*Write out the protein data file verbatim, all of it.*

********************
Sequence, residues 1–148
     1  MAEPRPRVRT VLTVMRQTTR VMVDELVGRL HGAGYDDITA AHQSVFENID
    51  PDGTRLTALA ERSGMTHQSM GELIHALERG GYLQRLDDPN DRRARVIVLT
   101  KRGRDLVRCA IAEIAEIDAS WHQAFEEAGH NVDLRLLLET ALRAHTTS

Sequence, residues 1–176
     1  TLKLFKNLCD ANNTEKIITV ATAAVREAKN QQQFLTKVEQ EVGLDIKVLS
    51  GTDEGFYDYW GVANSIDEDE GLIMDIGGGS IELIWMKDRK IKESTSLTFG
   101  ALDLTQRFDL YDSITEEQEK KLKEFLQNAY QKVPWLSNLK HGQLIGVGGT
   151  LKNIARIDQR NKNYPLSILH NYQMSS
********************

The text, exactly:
Sequence, residues 1–148
     1  MAEPRPRVRT VLTVMRQTTR VMVDELVGRL HGAGYDDITA AHQSVFENID
    51  PDGTRLTALA ERSGMTHQSM GELIHALERG GYLQRLDDPN DRRARVIVLT
   101  KRGRDLVRCA IAEIAEIDAS WHQAFEEAGH NVDLRLLLET ALRAHTTS

Sequence, residues 1–176
     1  TLKLFKNLCD ANNTEKIITV ATAAVREAKN QQQFLTKVEQ EVGLDIKVLS
    51  GTDEGFYDYW GVANSIDEDE GLIMDIGGGS IELIWMKDRK IKESTSLTFG
   101  ALDLTQRFDL YDSITEEQEK KLKEFLQNAY QKVPWLSNLK HGQLIGVGGT
   151  LKNIARIDQR NKNYPLSILH NYQMSS